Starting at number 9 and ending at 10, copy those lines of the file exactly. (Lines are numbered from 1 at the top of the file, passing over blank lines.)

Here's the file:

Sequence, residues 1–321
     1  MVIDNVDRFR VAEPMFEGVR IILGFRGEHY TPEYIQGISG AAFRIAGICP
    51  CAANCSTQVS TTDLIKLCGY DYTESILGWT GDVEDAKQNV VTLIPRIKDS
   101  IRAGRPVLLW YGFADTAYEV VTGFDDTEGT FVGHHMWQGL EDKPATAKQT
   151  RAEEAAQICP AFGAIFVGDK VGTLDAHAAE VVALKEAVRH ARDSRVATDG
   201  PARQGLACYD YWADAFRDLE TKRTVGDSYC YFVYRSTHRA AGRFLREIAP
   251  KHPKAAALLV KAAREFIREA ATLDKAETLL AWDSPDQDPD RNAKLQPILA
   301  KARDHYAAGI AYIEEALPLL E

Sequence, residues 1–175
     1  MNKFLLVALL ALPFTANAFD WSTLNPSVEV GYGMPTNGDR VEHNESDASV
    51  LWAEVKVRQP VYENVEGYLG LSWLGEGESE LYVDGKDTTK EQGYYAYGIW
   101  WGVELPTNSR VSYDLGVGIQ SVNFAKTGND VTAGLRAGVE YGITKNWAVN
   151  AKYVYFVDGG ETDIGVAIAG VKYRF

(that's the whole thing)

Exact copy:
Sequence, residues 1–175
     1  MNKFLLVALL ALPFTANAFD WSTLNPSVEV GYGMPTNGDR VEHNESDASV